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See also: Learn



Etymology 1[edit]

From Middle English lernen, from Old English leornian (to acquire knowledge), from Proto-Germanic *liznaną. Cognate with German lernen (to learn).


learn (third-person singular simple present learns, present participle learning, simple past and past participle learned or (chiefly UK) learnt)

  1. To acquire, or attempt to acquire knowledge or an ability to do something.
  2. To attend a course or other educational activity.
  3. To gain knowledge from a bad experience so as to improve.
    learn from one's mistakes
  4. To be studying.
  5. To come to know; to become informed of; to find out.
    He just learned that he will be sacked.
Usage notes[edit]
  • See other, dated and regional, sense of learn below.

Derived terms[edit]

The translations below need to be checked and inserted above into the appropriate translation tables, removing any numbers. Numbers do not necessarily match those in definitions. See instructions at Wiktionary:Entry layout#Translations.

Etymology 2[edit]

Possibly related to Middle English leren, from Old English lǣran (to teach, instruct, indoctrinate), from Proto-Germanic *laizijaną (to teach), from *laizō (lore, teaching", literally, "track, trace), from Proto-Indo-European *leyəs- (to track, furrow). Cognate with Scots lere, leir, Saterland Frisian leere, West Frisian leare, Dutch leren, German lehren, Swedish lära. See also lear, lore. But normally the Middle English word would give lere, not learn.


learn (third-person singular simple present learns, present participle learning, simple past and past participle learned or learnt)

  1. (now only in non-standard speech and dialectal) To teach.
    Give him a clip round the ear. That'll learn him!
    • 1485, Sir Thomas Malory, chapter ix, in Le Morte Darthur, book VIII:
      And whan she had serched hym / she fond in the bottome of his wound that therin was poyson / And soo she heled hym [] / and therfore Tramtrist cast grete loue to la beale Isoud / for she was at that tyme the fairest mayde and lady of the worlde / And there Tramtryst lerned her to harpe / and she beganne to haue grete fantasye vnto hym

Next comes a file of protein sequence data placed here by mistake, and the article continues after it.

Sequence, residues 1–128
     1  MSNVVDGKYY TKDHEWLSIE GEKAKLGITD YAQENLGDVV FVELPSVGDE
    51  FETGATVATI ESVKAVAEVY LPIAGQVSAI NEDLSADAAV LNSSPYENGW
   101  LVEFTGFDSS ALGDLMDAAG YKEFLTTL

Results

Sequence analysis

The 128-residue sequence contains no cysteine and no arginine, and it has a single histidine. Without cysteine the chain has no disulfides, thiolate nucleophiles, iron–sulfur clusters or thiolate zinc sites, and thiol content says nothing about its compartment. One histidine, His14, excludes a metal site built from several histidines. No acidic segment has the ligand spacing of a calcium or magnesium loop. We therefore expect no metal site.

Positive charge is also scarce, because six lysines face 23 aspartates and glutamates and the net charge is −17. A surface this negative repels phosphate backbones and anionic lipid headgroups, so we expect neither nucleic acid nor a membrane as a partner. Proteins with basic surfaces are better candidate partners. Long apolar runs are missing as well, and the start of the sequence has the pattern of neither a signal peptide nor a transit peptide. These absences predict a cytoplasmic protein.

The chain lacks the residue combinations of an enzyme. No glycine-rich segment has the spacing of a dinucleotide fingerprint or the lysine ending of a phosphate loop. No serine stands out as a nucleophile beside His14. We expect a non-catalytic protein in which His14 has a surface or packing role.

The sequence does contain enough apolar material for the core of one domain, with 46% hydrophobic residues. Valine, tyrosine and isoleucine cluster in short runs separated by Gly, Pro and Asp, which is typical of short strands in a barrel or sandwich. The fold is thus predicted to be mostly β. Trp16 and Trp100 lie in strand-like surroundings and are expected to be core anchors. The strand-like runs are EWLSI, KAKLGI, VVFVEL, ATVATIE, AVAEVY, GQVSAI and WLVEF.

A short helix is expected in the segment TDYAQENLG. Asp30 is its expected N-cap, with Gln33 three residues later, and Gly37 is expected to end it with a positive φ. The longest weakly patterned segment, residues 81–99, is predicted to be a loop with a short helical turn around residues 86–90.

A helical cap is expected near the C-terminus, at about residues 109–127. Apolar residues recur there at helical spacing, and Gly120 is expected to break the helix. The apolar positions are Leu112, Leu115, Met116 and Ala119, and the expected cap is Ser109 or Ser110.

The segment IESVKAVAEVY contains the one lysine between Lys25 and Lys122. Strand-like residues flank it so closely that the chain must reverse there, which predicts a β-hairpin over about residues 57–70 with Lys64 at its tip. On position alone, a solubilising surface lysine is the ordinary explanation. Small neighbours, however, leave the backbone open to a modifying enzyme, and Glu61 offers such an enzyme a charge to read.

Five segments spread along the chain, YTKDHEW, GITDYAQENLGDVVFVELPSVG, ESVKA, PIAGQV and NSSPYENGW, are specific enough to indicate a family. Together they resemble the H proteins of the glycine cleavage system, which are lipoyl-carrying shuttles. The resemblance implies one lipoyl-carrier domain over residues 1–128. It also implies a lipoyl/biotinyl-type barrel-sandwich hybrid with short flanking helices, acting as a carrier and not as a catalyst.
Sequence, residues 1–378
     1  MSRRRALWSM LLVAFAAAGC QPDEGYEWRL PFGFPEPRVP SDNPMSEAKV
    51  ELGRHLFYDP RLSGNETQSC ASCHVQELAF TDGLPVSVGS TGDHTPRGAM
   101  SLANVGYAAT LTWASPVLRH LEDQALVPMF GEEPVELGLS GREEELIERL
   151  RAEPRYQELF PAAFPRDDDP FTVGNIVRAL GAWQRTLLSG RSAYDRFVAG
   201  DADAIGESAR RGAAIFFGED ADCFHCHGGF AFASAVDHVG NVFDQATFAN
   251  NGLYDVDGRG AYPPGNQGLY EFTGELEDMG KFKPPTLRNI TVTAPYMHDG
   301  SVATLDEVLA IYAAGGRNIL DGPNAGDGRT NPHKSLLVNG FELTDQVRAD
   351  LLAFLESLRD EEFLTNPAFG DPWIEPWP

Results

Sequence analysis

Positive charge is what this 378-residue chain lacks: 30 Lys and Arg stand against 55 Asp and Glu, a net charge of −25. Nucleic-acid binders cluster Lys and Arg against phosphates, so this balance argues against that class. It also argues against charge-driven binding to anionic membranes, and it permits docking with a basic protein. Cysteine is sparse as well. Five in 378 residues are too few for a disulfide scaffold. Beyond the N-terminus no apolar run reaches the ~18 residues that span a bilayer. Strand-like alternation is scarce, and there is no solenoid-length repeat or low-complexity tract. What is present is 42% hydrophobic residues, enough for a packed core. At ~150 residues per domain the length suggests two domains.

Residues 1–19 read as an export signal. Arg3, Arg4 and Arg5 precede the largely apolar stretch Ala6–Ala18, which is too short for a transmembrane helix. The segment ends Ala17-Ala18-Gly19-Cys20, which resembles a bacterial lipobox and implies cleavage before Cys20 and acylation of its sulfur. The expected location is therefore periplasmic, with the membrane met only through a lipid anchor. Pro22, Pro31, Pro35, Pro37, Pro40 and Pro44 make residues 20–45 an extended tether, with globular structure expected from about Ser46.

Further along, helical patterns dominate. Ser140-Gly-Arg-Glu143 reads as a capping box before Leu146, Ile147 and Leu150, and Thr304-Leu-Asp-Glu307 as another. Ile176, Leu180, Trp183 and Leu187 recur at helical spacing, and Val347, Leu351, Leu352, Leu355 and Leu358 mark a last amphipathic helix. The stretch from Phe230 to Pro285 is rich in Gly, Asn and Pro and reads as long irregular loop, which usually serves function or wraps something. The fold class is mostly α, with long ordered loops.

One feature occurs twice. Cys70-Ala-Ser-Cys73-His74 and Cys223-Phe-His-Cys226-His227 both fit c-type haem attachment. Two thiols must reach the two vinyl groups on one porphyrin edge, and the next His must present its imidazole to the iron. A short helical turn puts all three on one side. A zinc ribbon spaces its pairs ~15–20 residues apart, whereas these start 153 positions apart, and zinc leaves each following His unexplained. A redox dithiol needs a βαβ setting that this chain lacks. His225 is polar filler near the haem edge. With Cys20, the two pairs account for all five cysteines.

• 1599, William Shakespeare, Much Ado About Nothing, Act 4 Scene 1
      Sweet prince, you learn me noble thankfulness.
    • circa 1611, William Shakespeare, Cymbeline, Act I Scene 5:
      Have I not been / Thy pupil long? Hast thou not learn’d me how / To make perfumes?
    • 1993, The Simpsons, (18 Feb. 1993) Lisa's thoughts:
      That'll learn him to bust my tomater.
Usage notes[edit]

Now often considered non-standard.

Derived terms[edit]
Related terms[edit]




Alternative forms[edit]


From Old High German lernēn, lirnēn, from Proto-Germanic *liznaną. Compare German lernen, English learn, Dutch leren.



  1. (Sappada, Sauris) to learn


  • “learn” in Patuzzi, Umberto, ed., (2013) Ünsarne Börtar [Our Words], Luserna, Italy: Comitato unitario delle linguistiche storiche germaniche in Italia / Einheitskomitee der historischen deutschen Sprachinseln in Italien




learn (third-person singular present learns, present participle learnin, past learnt, past participle learnt)

  1. To learn.
  2. To teach.